Calories burned running

If one of your objectives is to lose weight, then you might find it motivating to set a calories goal. As a rough guide you should burn around 250 calories in 20 minutes slow running. So a good starting point would be to aim to burn 750 calories in a week. You can use the chart on the download to keep track of your weekly calories.

#7 Achieve a specific speed

Time distance

You could also set a speed target. To achieve this, you can either run your chosen distance as fast as you can each time, or you could use sprint training.

For example, suppose you set a goal to run a 3 miles in 30 minutes. To achieve this, you could run at a steady pace for 30 minutes every time. As you get fitter, you would be able to run faster and work towards your goal of covering 3 miles. Alternatively, you could split the 30 minutes into intervals, where you run as fast as you can for a set interval, then jog slowly to recover ready for the next sprint interval.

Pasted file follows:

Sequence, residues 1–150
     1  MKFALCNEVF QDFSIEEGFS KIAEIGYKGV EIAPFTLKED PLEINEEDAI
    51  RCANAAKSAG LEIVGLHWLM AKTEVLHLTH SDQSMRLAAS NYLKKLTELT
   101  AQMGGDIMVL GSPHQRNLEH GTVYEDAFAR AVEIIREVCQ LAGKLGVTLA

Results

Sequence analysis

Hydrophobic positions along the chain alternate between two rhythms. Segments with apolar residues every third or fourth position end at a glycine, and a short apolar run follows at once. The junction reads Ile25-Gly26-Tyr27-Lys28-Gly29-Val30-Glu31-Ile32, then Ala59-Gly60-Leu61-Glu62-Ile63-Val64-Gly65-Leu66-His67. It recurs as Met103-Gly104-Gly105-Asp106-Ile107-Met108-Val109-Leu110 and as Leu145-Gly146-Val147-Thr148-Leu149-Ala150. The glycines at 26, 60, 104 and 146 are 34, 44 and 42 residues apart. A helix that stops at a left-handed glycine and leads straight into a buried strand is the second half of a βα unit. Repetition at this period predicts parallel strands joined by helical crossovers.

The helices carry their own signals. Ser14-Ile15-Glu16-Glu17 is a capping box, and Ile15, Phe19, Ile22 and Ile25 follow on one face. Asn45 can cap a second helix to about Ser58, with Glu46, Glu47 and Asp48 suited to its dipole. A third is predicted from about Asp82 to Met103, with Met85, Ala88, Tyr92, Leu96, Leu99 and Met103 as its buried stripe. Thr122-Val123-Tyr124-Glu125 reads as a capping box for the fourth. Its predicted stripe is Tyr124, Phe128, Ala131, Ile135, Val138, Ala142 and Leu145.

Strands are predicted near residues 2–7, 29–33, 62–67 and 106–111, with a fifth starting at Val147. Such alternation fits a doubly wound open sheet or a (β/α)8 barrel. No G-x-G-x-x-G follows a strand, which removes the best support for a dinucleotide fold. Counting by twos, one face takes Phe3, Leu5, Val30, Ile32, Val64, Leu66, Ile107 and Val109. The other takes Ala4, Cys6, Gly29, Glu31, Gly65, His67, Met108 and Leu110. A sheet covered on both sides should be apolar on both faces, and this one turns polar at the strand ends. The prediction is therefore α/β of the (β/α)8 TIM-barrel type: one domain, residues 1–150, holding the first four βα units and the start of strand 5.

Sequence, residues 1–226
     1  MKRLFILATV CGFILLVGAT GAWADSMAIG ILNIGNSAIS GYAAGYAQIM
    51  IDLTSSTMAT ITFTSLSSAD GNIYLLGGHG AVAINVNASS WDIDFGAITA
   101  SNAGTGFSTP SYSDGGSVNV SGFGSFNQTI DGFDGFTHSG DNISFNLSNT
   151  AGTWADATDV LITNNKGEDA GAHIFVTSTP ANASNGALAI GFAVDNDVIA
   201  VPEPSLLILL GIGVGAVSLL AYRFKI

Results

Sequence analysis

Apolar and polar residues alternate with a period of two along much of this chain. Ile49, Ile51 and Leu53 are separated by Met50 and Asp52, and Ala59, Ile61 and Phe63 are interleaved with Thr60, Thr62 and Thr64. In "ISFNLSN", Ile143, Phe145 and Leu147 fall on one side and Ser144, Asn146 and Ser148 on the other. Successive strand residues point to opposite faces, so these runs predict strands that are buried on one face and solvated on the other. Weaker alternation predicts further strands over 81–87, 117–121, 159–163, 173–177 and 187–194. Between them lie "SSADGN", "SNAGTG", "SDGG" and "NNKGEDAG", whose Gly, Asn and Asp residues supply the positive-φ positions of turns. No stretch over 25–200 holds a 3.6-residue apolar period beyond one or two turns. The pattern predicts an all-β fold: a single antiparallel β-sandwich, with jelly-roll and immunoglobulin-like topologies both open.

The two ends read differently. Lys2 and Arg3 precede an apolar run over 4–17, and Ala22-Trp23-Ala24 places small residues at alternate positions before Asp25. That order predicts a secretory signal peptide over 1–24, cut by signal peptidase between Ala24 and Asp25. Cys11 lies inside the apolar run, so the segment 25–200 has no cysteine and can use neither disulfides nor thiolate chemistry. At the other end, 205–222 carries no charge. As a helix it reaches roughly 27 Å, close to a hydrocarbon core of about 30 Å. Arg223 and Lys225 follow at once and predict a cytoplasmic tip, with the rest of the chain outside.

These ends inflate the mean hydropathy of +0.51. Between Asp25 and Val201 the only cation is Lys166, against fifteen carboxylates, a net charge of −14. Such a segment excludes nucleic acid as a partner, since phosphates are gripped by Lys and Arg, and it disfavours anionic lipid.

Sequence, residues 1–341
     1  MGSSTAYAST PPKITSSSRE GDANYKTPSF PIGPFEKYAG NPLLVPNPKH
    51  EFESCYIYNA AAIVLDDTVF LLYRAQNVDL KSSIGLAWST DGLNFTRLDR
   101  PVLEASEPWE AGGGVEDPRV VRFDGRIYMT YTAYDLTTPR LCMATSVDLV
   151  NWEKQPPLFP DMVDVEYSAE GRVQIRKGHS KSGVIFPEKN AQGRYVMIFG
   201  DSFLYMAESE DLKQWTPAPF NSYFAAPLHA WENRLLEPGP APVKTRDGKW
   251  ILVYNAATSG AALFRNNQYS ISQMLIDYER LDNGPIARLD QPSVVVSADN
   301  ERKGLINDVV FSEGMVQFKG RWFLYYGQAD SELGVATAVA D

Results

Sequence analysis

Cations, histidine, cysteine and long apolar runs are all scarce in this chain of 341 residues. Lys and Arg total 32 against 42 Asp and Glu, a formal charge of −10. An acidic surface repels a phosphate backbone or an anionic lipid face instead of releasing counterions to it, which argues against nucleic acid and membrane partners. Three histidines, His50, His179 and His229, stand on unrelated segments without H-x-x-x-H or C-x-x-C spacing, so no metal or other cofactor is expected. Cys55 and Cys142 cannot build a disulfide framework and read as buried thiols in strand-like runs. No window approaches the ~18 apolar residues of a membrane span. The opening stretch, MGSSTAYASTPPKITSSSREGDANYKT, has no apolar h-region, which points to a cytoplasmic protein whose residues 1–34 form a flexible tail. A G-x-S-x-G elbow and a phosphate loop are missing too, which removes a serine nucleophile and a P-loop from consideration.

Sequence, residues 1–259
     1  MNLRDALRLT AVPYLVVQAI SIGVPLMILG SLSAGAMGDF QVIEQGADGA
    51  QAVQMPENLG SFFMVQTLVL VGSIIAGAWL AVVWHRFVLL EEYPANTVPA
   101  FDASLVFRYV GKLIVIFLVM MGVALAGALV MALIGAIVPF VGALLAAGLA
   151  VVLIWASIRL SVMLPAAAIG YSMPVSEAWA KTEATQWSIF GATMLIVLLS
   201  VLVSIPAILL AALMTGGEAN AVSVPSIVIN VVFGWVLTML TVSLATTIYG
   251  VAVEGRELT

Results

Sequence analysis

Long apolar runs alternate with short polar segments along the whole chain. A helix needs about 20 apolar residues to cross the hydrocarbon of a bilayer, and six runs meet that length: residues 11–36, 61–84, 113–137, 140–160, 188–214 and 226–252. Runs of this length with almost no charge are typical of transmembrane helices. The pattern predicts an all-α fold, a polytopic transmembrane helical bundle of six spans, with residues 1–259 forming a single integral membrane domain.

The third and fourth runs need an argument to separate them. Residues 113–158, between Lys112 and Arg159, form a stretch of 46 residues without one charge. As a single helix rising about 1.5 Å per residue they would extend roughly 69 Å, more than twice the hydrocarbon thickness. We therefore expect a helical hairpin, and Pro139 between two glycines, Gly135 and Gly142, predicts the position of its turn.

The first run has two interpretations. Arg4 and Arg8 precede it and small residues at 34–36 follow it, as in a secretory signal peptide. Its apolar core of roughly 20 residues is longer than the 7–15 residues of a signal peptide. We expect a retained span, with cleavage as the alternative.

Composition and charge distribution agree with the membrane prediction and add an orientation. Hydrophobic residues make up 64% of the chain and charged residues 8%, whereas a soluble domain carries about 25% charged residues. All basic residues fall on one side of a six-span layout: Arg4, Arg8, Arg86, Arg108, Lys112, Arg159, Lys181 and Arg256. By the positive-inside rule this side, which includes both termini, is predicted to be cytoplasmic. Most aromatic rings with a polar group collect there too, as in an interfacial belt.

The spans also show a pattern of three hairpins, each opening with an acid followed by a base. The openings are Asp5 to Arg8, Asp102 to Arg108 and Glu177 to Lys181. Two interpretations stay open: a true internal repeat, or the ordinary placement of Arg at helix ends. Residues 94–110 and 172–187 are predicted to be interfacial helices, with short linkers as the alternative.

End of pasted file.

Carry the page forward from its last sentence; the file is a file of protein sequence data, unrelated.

Whichever method you use, you can use the chart on the download to track your progress.

#8 train for an event

Charity events make good goals, because there is a set distance and date. They are also fun, community events and have the added objective of raising money for a good cause.

#9 Improve your Personal Best every week

Running goals for beginners personal best record

This is a less specific goal, but is good because it focuses on weekly improvement. You need to decide on a distance that you’re comfortable with. For beginners, anywhere between 2-5km (1-3 miles) would be good. Now cover this distance and time yourself. It doesn’t matter if you combine walking and running. You just need a starting point. Your goal is simply to improve on your time every week.

#10 Hill run goals

Running goals for beginners hill runs

If you like a bit of variety, set yourself hill targets. Find a hill that will take you about 30 seconds to run up. Or, if you’re using a treadmill, run on a gradient of  8% for 30 seconds. Your weekly goal is how many times you want to run up the hill. Make sure you have warmed up by running on the flat first. When you reach the top of the hill, do a slow jog or walk down to recover and repeat. On a treadmill, bring the gradient back down to 0% and walk or jog for 30-45 seconds until your heart rate has recovered.